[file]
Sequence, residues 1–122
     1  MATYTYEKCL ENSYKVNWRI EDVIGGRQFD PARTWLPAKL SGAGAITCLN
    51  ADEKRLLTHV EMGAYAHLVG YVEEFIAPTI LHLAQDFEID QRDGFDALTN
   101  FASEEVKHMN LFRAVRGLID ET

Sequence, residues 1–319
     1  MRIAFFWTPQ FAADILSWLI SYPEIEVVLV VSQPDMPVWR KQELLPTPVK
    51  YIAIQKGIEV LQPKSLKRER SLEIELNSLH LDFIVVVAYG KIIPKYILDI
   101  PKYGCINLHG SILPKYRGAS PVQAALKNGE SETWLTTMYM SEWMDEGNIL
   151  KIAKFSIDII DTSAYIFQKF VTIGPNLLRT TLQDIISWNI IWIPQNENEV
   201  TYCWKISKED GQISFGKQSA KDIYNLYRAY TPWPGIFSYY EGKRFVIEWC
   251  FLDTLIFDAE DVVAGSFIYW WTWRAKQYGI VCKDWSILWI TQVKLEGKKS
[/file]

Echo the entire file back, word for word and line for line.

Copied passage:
Sequence, residues 1–122
     1  MATYTYEKCL ENSYKVNWRI EDVIGGRQFD PARTWLPAKL SGAGAITCLN
    51  ADEKRLLTHV EMGAYAHLVG YVEEFIAPTI LHLAQDFEID QRDGFDALTN
   101  FASEEVKHMN LFRAVRGLID ET

Sequence, residues 1–319
     1  MRIAFFWTPQ FAADILSWLI SYPEIEVVLV VSQPDMPVWR KQELLPTPVK
    51  YIAIQKGIEV LQPKSLKRER SLEIELNSLH LDFIVVVAYG KIIPKYILDI
   101  PKYGCINLHG SILPKYRGAS PVQAALKNGE SETWLTTMYM SEWMDEGNIL
   151  KIAKFSIDII DTSAYIFQKF VTIGPNLLRT TLQDIISWNI IWIPQNENEV
   201  TYCWKISKED GQISFGKQSA KDIYNLYRAY TPWPGIFSYY EGKRFVIEWC
   251  FLDTLIFDAE DVVAGSFIYW WTWRAKQYGI VCKDWSILWI TQVKLEGKKS